Description of the Black-throated Blue Warbler


Males have dark blue upperparts, head, and neck, with a black face, throat, and flanks, and white underparts. They have dark wings with a white patch visible on the folded wing.

black-throated blue warbler


Females are largely grayish-olive with a pale supercilium and a pale arc under the eye. They also have a white patch on the wing.


black-throated blue warbler

Seasonal change in appearance



Immatures are similar to adults, but duller, and may lack the white wing patch.


Black-throated Blue Warblers inhabit deciduous forests or mixed forests, but in migration they also occur in shrubby areas.


Black-throated Blue Warblers eat insects, but also nectar.


Black-throated Blue Warblers forage slowly in understory or low in trees.


Black-throated Blue Warblers breed in southeastern Canada, the northeastern U.S., and the Appalachians. They winter in the Greater Antilles and Central America. The population is stable to increasing.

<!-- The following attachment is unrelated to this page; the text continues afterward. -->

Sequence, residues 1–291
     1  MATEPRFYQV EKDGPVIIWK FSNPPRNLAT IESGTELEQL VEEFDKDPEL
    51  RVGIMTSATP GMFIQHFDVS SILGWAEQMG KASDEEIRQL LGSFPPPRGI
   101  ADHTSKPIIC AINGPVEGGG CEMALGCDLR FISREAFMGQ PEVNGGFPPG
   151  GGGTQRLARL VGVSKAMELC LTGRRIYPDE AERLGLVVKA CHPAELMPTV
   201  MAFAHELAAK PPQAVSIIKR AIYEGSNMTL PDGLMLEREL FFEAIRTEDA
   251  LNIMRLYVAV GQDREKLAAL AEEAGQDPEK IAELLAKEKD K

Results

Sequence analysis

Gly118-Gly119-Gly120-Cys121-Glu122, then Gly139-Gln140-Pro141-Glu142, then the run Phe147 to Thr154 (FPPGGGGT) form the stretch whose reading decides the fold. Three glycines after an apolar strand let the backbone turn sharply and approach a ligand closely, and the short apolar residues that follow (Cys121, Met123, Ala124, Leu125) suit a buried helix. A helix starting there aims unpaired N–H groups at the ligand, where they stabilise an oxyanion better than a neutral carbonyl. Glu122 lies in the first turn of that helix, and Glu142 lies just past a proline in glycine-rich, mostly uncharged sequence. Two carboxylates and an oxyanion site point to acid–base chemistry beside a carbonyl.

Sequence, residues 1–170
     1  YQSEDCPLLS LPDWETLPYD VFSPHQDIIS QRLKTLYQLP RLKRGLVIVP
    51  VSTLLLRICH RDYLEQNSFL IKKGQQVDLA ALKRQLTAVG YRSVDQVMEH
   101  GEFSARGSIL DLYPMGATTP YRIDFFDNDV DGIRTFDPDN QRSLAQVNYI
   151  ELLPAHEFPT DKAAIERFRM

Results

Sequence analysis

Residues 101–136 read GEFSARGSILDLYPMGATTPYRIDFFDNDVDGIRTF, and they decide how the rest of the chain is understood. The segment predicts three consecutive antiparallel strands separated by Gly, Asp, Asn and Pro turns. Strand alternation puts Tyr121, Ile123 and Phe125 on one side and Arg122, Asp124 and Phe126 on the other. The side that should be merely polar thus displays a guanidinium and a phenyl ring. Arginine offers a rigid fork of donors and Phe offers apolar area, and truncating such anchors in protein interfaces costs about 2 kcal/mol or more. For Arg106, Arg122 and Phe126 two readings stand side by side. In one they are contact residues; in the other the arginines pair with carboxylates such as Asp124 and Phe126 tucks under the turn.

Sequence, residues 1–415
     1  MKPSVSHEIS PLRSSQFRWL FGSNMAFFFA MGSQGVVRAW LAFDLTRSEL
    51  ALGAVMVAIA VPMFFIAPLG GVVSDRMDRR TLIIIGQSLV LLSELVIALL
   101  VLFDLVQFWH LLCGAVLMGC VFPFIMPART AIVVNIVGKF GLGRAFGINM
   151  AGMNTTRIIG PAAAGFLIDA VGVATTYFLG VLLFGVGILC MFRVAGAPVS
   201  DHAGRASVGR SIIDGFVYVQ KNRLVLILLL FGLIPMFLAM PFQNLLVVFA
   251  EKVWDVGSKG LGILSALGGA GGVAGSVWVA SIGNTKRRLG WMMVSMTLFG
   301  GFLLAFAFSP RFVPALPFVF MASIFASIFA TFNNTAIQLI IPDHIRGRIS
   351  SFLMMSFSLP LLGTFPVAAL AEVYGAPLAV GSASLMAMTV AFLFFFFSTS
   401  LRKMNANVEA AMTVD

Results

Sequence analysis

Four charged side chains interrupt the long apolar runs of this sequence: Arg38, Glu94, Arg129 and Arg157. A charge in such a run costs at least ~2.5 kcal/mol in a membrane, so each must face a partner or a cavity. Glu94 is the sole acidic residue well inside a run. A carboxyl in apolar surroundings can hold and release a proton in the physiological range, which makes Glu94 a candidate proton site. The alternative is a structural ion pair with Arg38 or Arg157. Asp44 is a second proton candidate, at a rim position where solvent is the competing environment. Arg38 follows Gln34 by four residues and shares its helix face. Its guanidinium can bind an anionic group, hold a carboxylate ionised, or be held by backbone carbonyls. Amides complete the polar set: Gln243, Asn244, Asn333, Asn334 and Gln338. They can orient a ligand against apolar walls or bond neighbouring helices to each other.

More information:

Bent Life History

Visit the Bent Life History for extensive additional information on the Black-throated Blue Warbler.

Fun Facts

Pairs are often faithful from one season to the next, though males can have more than one mate.

Black-throated Blue Warblers are often very tame.


The song is a long series of rising buzzes. A sharp flight call is also given.


The Black-throated Blue Warbler’s nest is a cup of bark strips and fibers lined with finer materials. It is placed in a fork of a thick shrub.

Number: 4.
Color: Whitish with darker markings.

Incubation and fledging:
The young hatch at about 12-13 days and fledge at about 8-10 days, though remaining dependent on the adults for some time.